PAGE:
Why letting the IRS decide the future of news is a bad idea

After nearly 150 years in business – as a business – The Salt Lake Tribune wants to become a nonprofit.

But first its owner must get approval from the Internal Revenue Service. The federal agency in charge of collecting taxes also gets to say which organizations may become nonprofits. If the IRS decides the Tribune’s mission makes it eligible to become a charity, the newspaper could rely heavily on donations as its revenue from ads and subscriptions continues to dry up.

This is happening as a nonprofit wave is spreading across journalism, something I’ve been studying for the last decade. But does it make sense for the taxman to make this important decision about the future of journalism? I don’t think so.

Nonprofit news

While some outlets, like Mother Jones, founded in 1976, have been nonprofit for decades, the sector exploded 10 years ago. It includes ProPublica, a Pulitzer-Prize-winning source of investigative reporting, and the Wisconsin Center for Investigative Journalism, a regional outlet aimed at improving reporting on the state of Wisconsin.

These organizations are primarily funded by foundation grants and donations from readers rather than subscriptions and ads. They tend to serve niche or hyperlocal audiences or do expensive and generally unprofitable investigative work. As is the case with The Conversation US, they often produce coverage that no commercial enterprise regularly provides.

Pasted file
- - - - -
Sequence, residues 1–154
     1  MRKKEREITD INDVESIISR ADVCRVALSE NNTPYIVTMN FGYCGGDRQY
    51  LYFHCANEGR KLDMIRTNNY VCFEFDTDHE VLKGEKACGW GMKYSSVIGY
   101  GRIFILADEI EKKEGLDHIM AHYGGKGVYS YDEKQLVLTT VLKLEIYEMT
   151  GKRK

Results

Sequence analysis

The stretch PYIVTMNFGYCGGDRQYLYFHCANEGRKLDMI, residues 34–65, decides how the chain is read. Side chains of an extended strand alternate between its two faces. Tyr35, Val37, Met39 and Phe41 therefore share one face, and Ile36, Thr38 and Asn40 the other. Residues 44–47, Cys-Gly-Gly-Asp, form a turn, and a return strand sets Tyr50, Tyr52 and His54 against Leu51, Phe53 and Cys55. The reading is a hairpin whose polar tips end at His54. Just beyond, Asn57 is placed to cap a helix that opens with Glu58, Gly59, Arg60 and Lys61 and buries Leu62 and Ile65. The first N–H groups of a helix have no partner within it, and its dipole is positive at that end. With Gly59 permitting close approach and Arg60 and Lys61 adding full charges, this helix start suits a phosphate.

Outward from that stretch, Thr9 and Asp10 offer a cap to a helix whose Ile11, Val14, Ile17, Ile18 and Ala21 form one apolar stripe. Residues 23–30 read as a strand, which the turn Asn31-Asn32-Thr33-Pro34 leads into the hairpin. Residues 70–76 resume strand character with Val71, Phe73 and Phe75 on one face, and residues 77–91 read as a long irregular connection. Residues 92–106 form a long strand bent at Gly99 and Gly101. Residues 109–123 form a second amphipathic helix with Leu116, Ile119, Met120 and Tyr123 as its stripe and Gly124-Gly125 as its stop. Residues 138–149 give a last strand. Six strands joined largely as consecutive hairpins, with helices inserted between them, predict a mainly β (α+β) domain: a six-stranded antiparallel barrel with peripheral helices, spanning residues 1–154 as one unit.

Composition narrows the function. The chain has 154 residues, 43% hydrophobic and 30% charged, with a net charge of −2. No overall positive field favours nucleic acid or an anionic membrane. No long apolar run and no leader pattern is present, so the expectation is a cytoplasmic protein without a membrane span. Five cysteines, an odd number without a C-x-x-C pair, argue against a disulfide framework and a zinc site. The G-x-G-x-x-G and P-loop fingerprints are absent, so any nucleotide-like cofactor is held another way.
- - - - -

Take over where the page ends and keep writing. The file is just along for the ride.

A second, much smaller, group consists of newspapers that belong to nonprofits or churches. In Philadelphia, where I live, philanthropist H.F. “Gerry” Lenfest created a foundation and gave it the Philadelphia Inquirer and the Philadelphia Daily News, ensuring both newspapers will remain locally owned.

Businessman Paul Huntsman, the Tribune’s owner and publisher, is the first in the country trying a third option: making his newspaper itself a nonprofit.

A struggling industry

What isn’t debatable is that the business model for reporting and relaying the news is in big trouble. Newspaper ad revenue soared throughout much of the 20th century, peaking in 2000, and then fell off a cliff, dropping from US$48.6 billion to just $16.6 billion in 2017.

Circulation – the total number of papers sold – is down but the revenue from subscriptions and newsstand sales has grown. Newspaper sales generated $11.2 billion in 2017, up from $10.3 billion in 2007, though that didn’t begin to plug the hole caused by lost ad dollars.

The Salt Lake Tribune’s advertising revenue has also plummeted. It fell 40% while the number of its daily print subscribers dropped more than 60%, from 85,000 to 31,000, between 2016 and 2018.

As a result, U.S. newspapers employ far fewer people than they used to. The total number of their reporters, editors, photographers and film and video editors fell to 39,210 in 2017, a 45% decline from 2004.

But this doesn’t matter only to the journalists who can no longer find work in their profession. Most experts agree that high-quality journalism is essential to a functioning democracy. Without it, unsubstantiated rumors and sensationalism fill the void and mislead the public. The consequences can be dramatic, as evidenced by the misinformation-fueled movement against vaccinations now causing measles outbreaks.

A benefit for all

You benefit from the fact that local news exists, even if you don’t subscribe to your local newspaper. And you probably don’t. A 2018 Pew Research Center study found that just 14% of Americans said they paid for local news.